This Week in Africa
May 13, 2022
Here is the week in Africa:
Quote of the week
“Many mothers have never spoken publicly about what happened to their sons. They have been threatened that if they report it or publicly talk about it the same officers who killed their sons will come for them or their other children.” – Benna Buluma, activist fighting against police brutality in Kenya
Struggle for rights and freedom
Sudan is intensifying its crackdown on prodemocracy protests. Somalia’s Parliament will vote in presidential elections on Sunday. Tunisia is sliding back into authoritarianism. Museveni’s plan to jail rivals for even longer might backfire. Refugees in Kenya gain employment rights as new law takes effect. To build its largest consulate in the world, the US has gone into business with a man convicted of money laundering. Learn more about the rise of African immigrants in the US. Meet the Kenyan mothers fighting to end police brutality. Watch this great event about traditional leaders and politics in Africa.
Are rights abuses tarnishing China’s image in Africa? How will Kenya’s election impact the East African community? Is Africa paying a high price for neutrality in Ukraine? Riva Levinson discusses the costs of the Ukraine War – from Kharkiv to Khartoum.
Security and instability
Ethnic clashes in Cameroon are not about religion. Here are some lessons learned from Europe’s military presence in the Sahel. Togo might have faced its first recent Islamist attack, as eight soldiers were killed. Learn more about the actors and drivers of conflict in the Sahel. This report examines ethnicity, conflict and politics in eastern Congo (thread here). Africa’s solutions to conflict are in crisis.
Africa’s rapid urbanization
Lagos gets a pumping station to prevent flooding. This cool project digitizes Accra’s architectural history. The murals at Nairobi’s City Market are neat. Check out this symposium on comparative methods for global urban studies. This book looks good: Social Contracts and Informal Workers in the Global South. A brief history of Ojuelegba.
Make sure to check out Current History’s Africa Issue, which includes many great articles including this one by Celso Monjane and Anne Pitcher on the elusive dream of democracy, security, and well-being in Mozambique. This article examines media reports of child labor and lack of policy reform in Ghana. Check out Patrick Heller’s review article “Democracy in the Global South.” This article links the SDGs to the Africa Agenda 2063. This article examines making and unmaking the state in the Horn of Africa. Under what conditions do strong states under a centralized political authority emerge? What’s wrong with identity politics?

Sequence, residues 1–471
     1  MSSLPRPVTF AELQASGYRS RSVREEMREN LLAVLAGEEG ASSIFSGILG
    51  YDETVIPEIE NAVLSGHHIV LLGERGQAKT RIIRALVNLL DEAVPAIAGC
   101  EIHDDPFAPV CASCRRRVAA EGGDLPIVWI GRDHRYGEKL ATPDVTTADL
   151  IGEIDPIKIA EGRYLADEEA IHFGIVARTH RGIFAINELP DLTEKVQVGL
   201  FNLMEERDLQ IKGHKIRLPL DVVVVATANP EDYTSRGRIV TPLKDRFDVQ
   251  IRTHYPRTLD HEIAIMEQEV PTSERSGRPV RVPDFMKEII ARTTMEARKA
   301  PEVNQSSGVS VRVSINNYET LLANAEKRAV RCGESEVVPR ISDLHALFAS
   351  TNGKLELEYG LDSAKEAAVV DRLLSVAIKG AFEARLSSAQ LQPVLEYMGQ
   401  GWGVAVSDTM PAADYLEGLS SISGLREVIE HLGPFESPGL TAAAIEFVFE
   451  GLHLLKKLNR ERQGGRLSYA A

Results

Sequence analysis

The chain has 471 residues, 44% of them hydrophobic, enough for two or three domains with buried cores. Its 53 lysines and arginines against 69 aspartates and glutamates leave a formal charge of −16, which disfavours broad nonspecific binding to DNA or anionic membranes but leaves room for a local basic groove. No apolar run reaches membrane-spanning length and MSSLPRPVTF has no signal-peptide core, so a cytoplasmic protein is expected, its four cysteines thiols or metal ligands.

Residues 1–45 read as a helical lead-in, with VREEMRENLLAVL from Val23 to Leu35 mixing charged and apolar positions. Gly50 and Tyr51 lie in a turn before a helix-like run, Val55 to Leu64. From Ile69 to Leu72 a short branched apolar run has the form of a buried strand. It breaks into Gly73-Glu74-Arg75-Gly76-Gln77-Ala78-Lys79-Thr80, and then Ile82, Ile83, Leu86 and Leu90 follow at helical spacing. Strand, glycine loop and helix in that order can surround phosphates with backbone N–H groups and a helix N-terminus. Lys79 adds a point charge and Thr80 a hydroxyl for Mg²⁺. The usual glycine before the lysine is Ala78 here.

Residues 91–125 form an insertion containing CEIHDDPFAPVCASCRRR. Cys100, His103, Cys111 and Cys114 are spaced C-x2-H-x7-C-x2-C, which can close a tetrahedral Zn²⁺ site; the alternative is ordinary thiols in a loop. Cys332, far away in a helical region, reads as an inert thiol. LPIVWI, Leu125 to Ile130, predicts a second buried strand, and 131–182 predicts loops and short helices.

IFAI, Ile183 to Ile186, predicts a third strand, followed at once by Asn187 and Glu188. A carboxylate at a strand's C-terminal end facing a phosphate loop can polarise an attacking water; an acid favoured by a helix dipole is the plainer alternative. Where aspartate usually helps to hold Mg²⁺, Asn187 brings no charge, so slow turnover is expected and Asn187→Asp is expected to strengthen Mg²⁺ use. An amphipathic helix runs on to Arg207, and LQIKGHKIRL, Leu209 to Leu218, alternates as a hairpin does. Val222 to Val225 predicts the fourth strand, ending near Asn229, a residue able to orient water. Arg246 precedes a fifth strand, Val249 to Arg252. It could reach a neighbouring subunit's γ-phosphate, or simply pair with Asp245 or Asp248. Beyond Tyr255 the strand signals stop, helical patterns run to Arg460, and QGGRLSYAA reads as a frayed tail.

Students of the World: Global 1968 and Decolonization in the Congo looks great. Rebekah Mitsen writes African Impressions: How African Worldviews Shaped the British Geographical Imagination across the Early Enlightenment. Check out Carola Lentz and Isidore Lobnibe’s Imagining Futures: Memory and Belonging in an African Family. Roger Southall’s new book Whites and Democracy in South Africa unpacks the complexities of whiteness in the country. Take a look at Where Credit Is Due: How Africa’s Debt Can Be a Benefit, Not a Burden. Emmanuel Katongole’s Who Are My People? Love, Violence, and Christianity in Sub-Saharan Africa looks fascinating. Timothy Masiko writes Flexible Regional Economic Integration in Africa: Lessons and Implications for the Multilateral Trading System.
And check out the African Data Hub for the Study of Democracy.
The week in development
Pregnancy is a deadly gamble in Sierra Leone. Ghana is amidst a serious debt crisis, but will try not to go to the IMF. Tanzania is seeking support from the World Bank and IMF to combat rising cost of living. Financial speculators are pushing millions of people into hunger. Ethiopians escape war only to face hunger in Somaliland.
Malawi joins Zimbabwe in switching from growing tobacco to cannabis. Turkish builders are thriving in Africa. Tanzania eyes 100,000 jobs from a new $3 billion investment. These are three things that can go wrong at an oil refinery in Nigeria. A content moderator in Kenya sues Meta over working conditions. South Africa is set for a year of power cuts. Africa is still the least connected continent. Angola’s honeymoon with China has ended. Investors are rushing back into copper country.
Africa and the environment
As drought worsens, can Kenyans coexist with wildlife? Evicting people from Tanzania’s Ngorongoro conservation area is a bad idea and there are alternatives. Nalova Akua explains the climate crisis tinderbox in Cameroon. Growing African mangrove forests aim to combat climate woes. Climate change will make droughts longer and more common. A global scramble for metals puts Africa back in the limelight. The ocean’s biggest garbage pile is full of floating life.
All the best,
Jeff and Phil